When designing care home environments, accessibility must be a priority.
This is particularly important to support residents with dementia.
“Someone’s mobility often reduces as dementia progresses,” said Lauren Di Pietro, architect at DWA Architects. “There is evidence that many people in the middle and late stages of dementia may require wheelchairs. Retro-fitting ramps and removing mini-steps in a home may therefore be necessary.”
She added that accessibility is sometimes confused with usability.
“Both overlap and are vital parts of user experience, but there are also key distinctions between them. Usability is concerned with whether designs are effective, efficient, and satisfying to use. Theoretically, this means that usability includes accessibility, since a product that is inaccessible is also unusable to someone with a disability.
“Practically, however, usability tends not to specifically focus on the user experience of people with disabilities.”
Accessibility covers many different areas in a care home.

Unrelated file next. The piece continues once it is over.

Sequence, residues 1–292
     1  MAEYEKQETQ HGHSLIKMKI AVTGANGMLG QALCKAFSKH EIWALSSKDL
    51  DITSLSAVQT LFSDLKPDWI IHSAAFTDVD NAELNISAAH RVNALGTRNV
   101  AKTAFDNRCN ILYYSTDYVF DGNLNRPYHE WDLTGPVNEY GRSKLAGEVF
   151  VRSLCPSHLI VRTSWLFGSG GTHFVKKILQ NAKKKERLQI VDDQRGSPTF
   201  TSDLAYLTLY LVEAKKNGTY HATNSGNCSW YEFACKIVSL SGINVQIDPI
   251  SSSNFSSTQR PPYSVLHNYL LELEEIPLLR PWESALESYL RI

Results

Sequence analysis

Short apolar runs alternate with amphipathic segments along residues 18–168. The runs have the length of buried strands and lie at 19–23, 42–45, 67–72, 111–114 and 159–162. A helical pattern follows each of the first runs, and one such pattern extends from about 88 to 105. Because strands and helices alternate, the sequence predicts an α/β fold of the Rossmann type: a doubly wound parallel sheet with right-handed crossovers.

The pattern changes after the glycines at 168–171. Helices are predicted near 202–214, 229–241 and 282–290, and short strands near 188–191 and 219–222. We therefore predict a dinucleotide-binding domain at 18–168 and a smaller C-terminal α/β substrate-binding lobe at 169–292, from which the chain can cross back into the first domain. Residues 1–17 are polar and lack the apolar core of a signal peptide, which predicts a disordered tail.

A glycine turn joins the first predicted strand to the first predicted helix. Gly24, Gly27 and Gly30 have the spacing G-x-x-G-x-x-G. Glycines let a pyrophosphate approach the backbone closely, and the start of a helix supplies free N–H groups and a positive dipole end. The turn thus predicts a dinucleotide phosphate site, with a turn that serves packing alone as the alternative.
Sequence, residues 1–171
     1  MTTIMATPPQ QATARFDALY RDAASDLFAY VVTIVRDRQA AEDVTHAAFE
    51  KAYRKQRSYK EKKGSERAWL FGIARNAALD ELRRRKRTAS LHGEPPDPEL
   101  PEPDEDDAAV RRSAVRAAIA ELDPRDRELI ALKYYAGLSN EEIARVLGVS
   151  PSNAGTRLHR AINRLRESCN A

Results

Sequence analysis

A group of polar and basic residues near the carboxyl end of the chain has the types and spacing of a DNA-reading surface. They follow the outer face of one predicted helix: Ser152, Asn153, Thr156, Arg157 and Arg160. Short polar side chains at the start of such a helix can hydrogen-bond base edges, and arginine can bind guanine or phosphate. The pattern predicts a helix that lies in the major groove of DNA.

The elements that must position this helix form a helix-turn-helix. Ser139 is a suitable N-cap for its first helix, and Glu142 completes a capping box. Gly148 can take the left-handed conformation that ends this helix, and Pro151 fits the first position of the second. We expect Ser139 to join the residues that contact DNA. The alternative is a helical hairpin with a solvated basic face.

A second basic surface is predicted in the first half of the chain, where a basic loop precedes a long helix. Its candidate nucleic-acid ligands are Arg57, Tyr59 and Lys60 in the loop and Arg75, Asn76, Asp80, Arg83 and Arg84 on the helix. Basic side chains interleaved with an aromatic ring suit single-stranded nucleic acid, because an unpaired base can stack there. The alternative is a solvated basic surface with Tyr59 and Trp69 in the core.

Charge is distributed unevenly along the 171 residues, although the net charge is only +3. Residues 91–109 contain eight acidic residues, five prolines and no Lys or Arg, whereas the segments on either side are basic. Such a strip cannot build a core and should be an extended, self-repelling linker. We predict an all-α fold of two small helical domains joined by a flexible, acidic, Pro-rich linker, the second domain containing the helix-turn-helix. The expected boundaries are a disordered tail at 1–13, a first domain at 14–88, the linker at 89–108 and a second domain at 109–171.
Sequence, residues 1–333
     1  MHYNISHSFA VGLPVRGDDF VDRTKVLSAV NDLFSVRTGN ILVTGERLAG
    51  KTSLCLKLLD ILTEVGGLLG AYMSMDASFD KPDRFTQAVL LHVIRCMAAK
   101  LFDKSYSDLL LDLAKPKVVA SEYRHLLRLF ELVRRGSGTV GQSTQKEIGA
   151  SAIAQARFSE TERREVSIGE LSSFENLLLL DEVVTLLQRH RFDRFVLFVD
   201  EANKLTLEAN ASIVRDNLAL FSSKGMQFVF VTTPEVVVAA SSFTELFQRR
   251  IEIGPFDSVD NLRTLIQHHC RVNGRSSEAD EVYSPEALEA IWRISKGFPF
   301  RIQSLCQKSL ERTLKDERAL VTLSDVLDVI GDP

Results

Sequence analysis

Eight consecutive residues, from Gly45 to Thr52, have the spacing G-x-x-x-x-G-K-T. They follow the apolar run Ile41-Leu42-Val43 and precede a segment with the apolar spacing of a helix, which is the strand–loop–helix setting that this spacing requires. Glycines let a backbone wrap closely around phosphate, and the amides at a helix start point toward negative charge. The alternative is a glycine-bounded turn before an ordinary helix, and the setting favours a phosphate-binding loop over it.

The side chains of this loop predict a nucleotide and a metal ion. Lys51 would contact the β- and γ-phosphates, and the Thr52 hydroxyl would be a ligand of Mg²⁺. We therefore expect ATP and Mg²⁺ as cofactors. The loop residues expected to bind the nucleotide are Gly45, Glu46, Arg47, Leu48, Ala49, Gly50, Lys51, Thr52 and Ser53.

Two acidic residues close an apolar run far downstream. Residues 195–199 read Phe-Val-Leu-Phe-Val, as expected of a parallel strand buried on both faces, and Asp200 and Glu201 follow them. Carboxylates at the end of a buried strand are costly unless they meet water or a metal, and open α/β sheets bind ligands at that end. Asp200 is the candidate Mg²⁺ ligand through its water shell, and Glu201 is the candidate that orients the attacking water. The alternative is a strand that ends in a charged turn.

For instance, video captions help people with hearing difficulties or someone watching the video on mute.
“Legible, high-contrast text that helps people with vision difficulties also helps people with perfect eyesight who are using a device outdoors in bright sunlight for example,” said Di Pietro. “Many residents will face challenges due to demanding contexts. When you design for all ability levels, you can create products and services anyone can use and enjoy – or at least find helpful or calming.”
DWA Architects recommends regular access audits to ensure a home is as inclusive as possible for residents. Importantly, well-designed solutions can also ensure compliance with all aspects of the Equality Act 2010.
More advice from DWA Architects can be found here.